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Humidifiers For A Forced Air Heating System

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Maintaining the proper levels of humidity in your home is critical for the health of you and your family. Incorrect humidity levels can be the cause the growth of mold and bacteria.

Additional information on mold and bacteria.

Dry homes are also prone to discharges of static electricity through carpeting and other fabrics. Static electricity can cause damage to sensitive electronic devices such as computers.

There are four basic technologies that are used in humidifiers. Not all of the technologies are available or suitable for central forced air furnaces.

Types Of Humidifiers, Technology, Appearance & Suitability

Vaporizer:

Technology: Contains a heating element which boils water held in a reservoir. A vaporizing style of humidifier puts moisture into the air by sending out a stream of hot mist. Figure 1.

vaporizer humidifier
Figure 1 - Vaporizer Humidifier

Vaporizer technology is not suitable for forced air heating systems.

Ultrasonic:

Technology: Produces a very fine mist when water is passed over a vibrating plate. This mist is then released into the room. Figure 2

ultrasonic humidifier
Figure 2 - Ultrasonic Humidifier

Ultrasonic technology is not suitable for forced air heating systems.

Cool Mist

Technology: Uses a fine spray nozzle mounted into the main heating duct plenum. The spray nozzle provides a mist of water directly into the warm furnace air. Figure 3

cool mist humidifier
Figure 3 - Cool Mist Humidifier

Cool Mist technology is suitable for forced air heating systems.

Flow Through:

Technology: Uses a rotating, water absorbent (sponge like material) drum or water absorbent fiber plates to place water within the air stream. Motors may be used to rotate the drum mechanism (Figure 4) and/or to drive a fan to aid in air flow. As the hot air from the furnace flows over the drum or fiber plates (Figure 5) it absorbs some of the water.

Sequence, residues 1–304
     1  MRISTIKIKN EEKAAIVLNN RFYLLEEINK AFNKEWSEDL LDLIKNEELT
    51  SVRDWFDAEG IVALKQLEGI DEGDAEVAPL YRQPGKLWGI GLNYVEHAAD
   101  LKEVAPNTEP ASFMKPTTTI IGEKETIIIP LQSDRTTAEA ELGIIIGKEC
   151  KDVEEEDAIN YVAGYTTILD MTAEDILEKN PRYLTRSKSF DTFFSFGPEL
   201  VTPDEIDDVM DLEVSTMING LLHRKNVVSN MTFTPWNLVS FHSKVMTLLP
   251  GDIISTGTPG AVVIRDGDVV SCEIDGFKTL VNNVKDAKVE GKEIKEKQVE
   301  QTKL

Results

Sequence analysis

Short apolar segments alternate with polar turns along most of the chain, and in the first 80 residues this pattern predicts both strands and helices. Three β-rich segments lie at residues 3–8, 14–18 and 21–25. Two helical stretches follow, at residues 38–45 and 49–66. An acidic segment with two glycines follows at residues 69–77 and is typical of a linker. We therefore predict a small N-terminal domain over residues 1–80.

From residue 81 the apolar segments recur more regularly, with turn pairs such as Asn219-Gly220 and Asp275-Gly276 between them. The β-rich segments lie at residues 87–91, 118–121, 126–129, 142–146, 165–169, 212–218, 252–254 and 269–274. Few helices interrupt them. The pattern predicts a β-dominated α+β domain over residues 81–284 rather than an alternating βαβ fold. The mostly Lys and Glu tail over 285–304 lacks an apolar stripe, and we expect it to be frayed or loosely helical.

Rotating drum humidifier
Figure 4 - Rotating Drum Humidifier
Absorbent Plate Humidifier

Figure 5 - Absorbent Plate Humidifier

Flow Through technology is suitable for forced air heating systems.

Both the Flow Through and Cool Mist humidifiers require a water line, usually a 1/4 inch, connected to a cold water, water pipe. Fittings, such as a tee saddle valve (Figure 6) allow for a convenient method of making the connection.

Note: In some jurisdictions saddle valves are not permitted by building codes. In those cases it will be necessary to install a regular style valve into the current cold water piping system (Figure 7a and 7b).

Saddle Valve
Figure 6 - Saddle Valve
Ball valve installed using compression fittings
Figure 7a - Ball valve installed using compression fittings
Figure 7b - Ball valve installed with 1/2" Tee
Figure 7b - Ball valve installed with 1/2" Tee

Some of the Flow Through humidifiers will also require a drain line.

Both the Flow Through and Cool Mist humidifiers require regular service in order to keep them operating correctly. The amount of service is relative to the water supply. The more minerals in the water being delivered to the humidifier the more cleaning and maintenance that will be required.

Build up from mineral deposits will clog the nozzles on Cool Mist style humidifiers and on Flow Through style humidifiers the absorbent materials will require regular replacement.

Failure to properly clean and service the humidifiers can result in mold and bacteria growth inside the devices.